The Western Australian Aboriginal Pastoral Workers Strike of 1946
The people discussed what they could do to improve the future for their children. Work and iiving conditions were appalling for all Aboriginal people at the time but in the Pilbara, being so remote, it was particularly harsh and ‘out of sight and out of mind’. Aboriginal people were under the Native Administration Act and they were slaves in their own country. No wages, no housing, no freedom of movement and meagre rations. McLeod was appointed executor and the group became known as The Mob.
The people waited until the World War II ended, but on 1 May 1946, 800 Aboriginal workers went on strike and walked off sheep stations in the north-west of Western Australia. Under the guidance of McLeod, Bin Bin (left) and McKenna, the strike was well organised and initially stunned the authorities. All three were arrested and jailed and persecuted. Although the strike effectively lasted for at least three years, it never officially ended.
The Mob had solid supporters like the Communist Party, some of the churches, womens groups and a small group of artists. The Fremantle branch of the Seamen's Union refused to load the squatters wool on boats while the strike was on and eventually the Australian Workers Union supported the Mobs claims for wages and better conditions.
When Western Australia was first established as a State by the settlers, the constitution made provision for a small percentage of State revenue to be allocated for Aboriginal people. McLeod turned bush lawyer and went on to argue that this had been illegally changed and continued to agitate for restitution for the West’s Aboriginal population.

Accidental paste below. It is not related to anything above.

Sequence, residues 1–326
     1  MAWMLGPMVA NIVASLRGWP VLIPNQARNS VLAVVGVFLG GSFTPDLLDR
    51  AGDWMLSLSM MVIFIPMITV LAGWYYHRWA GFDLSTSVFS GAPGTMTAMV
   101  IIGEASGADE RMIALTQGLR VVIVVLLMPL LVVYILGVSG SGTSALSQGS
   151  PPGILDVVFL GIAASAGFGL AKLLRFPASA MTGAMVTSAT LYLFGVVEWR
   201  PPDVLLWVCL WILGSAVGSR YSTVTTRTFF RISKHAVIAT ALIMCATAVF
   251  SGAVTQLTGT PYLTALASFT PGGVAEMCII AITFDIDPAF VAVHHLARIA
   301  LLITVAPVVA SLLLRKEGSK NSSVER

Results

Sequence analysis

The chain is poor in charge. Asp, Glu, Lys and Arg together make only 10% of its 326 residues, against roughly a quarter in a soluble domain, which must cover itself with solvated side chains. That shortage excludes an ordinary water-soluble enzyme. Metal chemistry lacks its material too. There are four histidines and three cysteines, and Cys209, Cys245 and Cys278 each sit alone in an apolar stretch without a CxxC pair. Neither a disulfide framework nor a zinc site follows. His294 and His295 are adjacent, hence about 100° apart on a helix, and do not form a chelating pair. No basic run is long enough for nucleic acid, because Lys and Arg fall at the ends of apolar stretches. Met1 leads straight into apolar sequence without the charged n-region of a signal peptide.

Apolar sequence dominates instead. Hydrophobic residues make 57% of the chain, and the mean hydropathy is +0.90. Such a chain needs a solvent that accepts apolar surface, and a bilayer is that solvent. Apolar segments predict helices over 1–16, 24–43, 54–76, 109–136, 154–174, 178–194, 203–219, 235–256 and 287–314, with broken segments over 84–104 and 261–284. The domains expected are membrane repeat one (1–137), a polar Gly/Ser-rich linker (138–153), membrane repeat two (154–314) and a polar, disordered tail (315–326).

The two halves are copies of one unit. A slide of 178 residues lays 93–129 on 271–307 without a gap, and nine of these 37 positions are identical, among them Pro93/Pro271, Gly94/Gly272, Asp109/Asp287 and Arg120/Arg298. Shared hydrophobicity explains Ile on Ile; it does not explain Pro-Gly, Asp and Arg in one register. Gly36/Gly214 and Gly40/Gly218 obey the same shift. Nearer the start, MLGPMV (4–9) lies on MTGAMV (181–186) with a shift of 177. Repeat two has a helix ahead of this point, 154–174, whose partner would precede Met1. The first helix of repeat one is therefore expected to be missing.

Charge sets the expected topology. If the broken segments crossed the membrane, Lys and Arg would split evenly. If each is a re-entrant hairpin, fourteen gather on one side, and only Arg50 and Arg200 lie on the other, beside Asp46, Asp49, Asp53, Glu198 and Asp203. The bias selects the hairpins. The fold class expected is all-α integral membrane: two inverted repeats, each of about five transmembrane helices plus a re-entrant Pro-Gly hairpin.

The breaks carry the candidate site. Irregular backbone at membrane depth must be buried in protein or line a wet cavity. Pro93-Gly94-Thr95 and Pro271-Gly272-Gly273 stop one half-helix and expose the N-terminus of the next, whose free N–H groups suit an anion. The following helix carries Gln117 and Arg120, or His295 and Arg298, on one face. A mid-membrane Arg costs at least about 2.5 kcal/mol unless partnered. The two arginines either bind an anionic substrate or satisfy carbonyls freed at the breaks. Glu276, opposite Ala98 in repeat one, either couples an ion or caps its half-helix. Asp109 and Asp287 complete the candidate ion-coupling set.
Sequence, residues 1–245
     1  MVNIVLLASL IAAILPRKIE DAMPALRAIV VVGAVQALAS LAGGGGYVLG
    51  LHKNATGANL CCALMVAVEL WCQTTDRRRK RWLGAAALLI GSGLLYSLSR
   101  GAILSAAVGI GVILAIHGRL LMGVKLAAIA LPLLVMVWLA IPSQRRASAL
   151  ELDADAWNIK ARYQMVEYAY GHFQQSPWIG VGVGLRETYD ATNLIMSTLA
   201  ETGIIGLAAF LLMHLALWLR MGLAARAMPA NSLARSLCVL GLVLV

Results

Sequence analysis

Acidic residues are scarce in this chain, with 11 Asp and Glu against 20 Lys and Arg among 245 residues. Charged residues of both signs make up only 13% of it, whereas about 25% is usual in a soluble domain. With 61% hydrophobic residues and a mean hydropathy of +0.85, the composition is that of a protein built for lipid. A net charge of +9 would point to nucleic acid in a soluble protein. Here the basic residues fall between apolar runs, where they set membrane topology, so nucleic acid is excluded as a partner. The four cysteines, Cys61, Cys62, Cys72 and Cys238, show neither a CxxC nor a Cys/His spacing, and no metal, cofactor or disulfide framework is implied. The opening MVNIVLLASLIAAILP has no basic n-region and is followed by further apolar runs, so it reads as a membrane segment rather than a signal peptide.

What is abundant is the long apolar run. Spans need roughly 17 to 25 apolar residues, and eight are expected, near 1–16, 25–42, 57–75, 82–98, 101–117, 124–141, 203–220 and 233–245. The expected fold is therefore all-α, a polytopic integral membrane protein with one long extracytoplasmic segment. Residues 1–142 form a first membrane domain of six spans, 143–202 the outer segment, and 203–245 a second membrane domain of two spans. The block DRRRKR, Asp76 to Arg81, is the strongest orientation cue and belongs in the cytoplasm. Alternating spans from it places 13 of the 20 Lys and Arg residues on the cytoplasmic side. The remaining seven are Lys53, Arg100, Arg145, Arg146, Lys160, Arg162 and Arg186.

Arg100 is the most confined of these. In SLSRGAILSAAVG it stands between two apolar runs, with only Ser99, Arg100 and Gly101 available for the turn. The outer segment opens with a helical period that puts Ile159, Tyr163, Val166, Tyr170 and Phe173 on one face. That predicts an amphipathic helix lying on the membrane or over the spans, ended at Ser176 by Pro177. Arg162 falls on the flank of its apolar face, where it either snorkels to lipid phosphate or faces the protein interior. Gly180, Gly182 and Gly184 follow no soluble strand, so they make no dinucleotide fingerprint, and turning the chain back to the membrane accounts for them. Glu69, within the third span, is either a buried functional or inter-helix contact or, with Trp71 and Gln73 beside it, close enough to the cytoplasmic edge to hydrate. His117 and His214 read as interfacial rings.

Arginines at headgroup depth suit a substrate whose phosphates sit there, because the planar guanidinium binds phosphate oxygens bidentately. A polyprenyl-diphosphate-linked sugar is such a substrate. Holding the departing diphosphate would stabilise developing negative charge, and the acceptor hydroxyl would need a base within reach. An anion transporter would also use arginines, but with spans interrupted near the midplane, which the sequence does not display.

He also went on to support other actions for justice for Aboriginal people, including the fight against oil drilling on Aboriginal land at Noonkanbah in the Kimberley region of WA in the late 1970s.
At one level the strike collapsed, but like the Eureka Stockade, it was a victory won from a battle lost. Many gains were made. There are so many characters in this heroic story that this song is not enough to give a full picture of the remarkable efforts by a small group of disempowered people. There was Peter Coppin, the songman Donald Norman, Daisy Bindi, Ernie Mitchell and so many more heroes of this struggle and they can take credit for giving birth to the Aboriginal Land Rights movement and inspiring the Gurindji walk off at Wave Hill in the 1960’s.
Defying the racist Howard (ie John) Government's dismissal of progressive histories that revealed the truth of the violent colonial dispossession of the Aboriginal and Torres Strait Islander peoples as a "black armband" view of history, Howard (ie Shane) created the Black Arm Band Ensemble, travelling to world festivals, most of Australia’s major arts festivals and into remote and regional Aboriginal communities, helping to take the ensemble’s musical message of hope. He produced Archie Roach’s last studio album, Journey and collaborated with the young Street Warriors and Shannon Noll for a new, Hip Hop version of Solid Rock. For 30 years Howard has eloquently pleaded the case for Aboriginal justice.